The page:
All events are free and open to the public. For more information about these programs, see the schedule of events or call 715-836-3856. -30- CC/JB/DW

News at UW-Eau Claire • Schofield Hall 201 • University of Wisconsin-Eau Claire • Eau Claire WI 54702-4004 Phone: 715-836-4741 Questions/Comments:

Thursday, May 17, 2012

The University of Rhode Island has announced the recipients of its 2012 Black Scholar Awards.

KINGSTON, R.I. – The University of Rhode Island has announced the recipients of its 2012 Black Scholar Awards.

Donald Cunnigen and Yvette Harps-Logan, members of the URI Black Faculty Association, created the awards program to acknowledge and celebrate African-American students’ accomplishments. The 15th annual ceremony was held last month in the Center for Biotechnology and Life Sciences.

This year’s awards and their recipients are:

• William Gould Award for All-Around Outstanding Achievement: Mecca Smith, a junior anthropology and film media studies major from Providence, R.I. Smith has minors in international development, leadership, and nonviolence and peace studies. In her three years at URI, she has served as a student admission representative, URI 101 mentor, freshman orientation leader and peer advocate. Smith studied abroad in Belize, where she participated in an ancient Mayan excavation project.

recipients of its 2012 Black Scholar Awards

PROUD MOMENT: Recipients of the 2012 University of Rhode Island Black Scholar Awards pose for a photo after the recent ceremony. URI Photo By Joe Giblin.

• Arthur L. Hardge Award for All-Around Outstanding Community Service: Gafar O. Odufuye, a senior mechanical engineering major with minors in nuclear engineering and Chinese from North Providence, R.I. Odufuye has served as the vice president of URI’s chapter of the National Society of Black Engineers, a tutor, and a mentor to children interested in math and science.

• Martin Luther King Jr. Award for Outstanding Leadership and Contribution to the University Community: Maria L. Beltre, a senior civil and environmental engineering major with a minor in nuclear engineering from Providence, R.I. Beltre has worked as a research assistant in URI’s Civil and Environmental Engineering Department and is a member of several student organizations, including the Society of Hispanic Professional Engineers, National Society of Black Engineers and Society of Women Engineers.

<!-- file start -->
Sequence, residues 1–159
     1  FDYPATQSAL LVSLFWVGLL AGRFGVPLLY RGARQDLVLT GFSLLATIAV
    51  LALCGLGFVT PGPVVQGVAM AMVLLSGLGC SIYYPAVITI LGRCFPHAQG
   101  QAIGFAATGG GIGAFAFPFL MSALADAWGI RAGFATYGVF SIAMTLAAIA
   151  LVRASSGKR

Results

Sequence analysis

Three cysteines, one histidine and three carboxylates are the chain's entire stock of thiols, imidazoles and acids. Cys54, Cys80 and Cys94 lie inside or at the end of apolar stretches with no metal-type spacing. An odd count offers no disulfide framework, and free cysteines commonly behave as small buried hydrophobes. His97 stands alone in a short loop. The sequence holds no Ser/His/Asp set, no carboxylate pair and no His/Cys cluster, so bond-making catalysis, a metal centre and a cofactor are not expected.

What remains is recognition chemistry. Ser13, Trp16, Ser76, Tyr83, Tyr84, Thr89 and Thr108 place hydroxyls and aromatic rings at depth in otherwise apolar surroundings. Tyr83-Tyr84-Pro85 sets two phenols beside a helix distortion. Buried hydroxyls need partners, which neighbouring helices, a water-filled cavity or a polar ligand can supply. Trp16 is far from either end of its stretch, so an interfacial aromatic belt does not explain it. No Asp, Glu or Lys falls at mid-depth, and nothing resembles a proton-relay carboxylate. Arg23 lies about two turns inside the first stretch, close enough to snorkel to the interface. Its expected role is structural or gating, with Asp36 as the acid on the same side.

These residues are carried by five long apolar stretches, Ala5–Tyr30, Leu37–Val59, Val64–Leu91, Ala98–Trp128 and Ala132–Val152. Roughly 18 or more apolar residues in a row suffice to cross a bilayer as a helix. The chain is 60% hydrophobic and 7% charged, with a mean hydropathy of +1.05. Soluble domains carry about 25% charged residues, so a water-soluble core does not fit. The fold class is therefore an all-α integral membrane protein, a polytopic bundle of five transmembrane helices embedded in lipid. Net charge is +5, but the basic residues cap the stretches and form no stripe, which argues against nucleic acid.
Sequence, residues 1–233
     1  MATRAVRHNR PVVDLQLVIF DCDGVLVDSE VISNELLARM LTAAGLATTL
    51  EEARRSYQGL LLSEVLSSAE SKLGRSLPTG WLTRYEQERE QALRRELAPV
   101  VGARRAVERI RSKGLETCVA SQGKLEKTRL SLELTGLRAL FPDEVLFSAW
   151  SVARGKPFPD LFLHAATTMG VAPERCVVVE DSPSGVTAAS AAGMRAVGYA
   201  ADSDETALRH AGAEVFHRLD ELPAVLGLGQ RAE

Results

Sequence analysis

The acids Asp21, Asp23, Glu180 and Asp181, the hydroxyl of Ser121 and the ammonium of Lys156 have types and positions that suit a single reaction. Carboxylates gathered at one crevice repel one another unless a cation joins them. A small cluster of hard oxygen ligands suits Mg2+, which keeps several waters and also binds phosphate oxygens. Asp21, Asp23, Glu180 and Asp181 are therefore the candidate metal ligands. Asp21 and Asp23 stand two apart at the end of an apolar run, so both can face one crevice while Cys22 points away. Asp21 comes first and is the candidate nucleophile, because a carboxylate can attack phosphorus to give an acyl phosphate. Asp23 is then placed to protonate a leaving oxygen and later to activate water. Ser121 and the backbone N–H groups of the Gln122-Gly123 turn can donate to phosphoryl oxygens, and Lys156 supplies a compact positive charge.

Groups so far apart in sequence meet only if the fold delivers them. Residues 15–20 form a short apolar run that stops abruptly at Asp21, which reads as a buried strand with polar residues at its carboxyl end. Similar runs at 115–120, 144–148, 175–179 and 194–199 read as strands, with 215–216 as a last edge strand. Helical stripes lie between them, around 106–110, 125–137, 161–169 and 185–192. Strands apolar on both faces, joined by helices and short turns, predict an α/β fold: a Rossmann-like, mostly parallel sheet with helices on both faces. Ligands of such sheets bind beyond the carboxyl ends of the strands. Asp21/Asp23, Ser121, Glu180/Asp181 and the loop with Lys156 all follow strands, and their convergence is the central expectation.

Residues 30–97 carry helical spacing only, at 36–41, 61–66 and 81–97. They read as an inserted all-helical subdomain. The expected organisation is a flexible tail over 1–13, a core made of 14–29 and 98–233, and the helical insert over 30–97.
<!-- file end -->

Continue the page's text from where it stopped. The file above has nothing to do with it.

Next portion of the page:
• Harvey Robert Turner Award for Outstanding Service to the University of Rhode Island Black Community: Stephane Andrade, a senior sociology and political science major from Pawtucket, R.I. He has worked as a resident advisor for the past three years, including summers, and is a member of the National Society of Black Engineers.

• Jackie Robinson and Althea Gibson Scholar-Athlete Awards: Anthony Malhoit, a URI basketball player from Waterford, Conn., and Marissa Norman, a captain of the URI women’s track and field team from Peace Dale, R.I. Malhoit will graduate with a major in psychology and minors in diversity and pluralism, women’s studies, and African and African-American studies. He is a peer advocate at URI and participates in various charity events at elementary schools. Norman is majoring in psychology and has minors in sociology and kinesiology. She is researching and working on a manuscript on drinking and driving performance.

• Noreen Coachman Award for Outstanding Achievement by an Older Student: Mitzie Johnson, a senior human development and family studies major with minors in thanatology and African and African-American studies. The Warwick, R.I. resident plans to pursue a master’s degree in family life education.

• Saint Clair Drake Award for Outstanding Scholarly Research: Justin Brown, a senior Spanish major from Providence, R.I.

• Saint Elmo Brady Award for Outstanding Achievement in Science: Nana Ama Ofei-Tenkorang, a senior biological sciences major with a minor in leadership studies from North Providence, R.I.

• David Edmonds Award for Outstanding Artistic and Creative Expression: Antaeus K. Jefferson, a senior art major from Providence, R.I.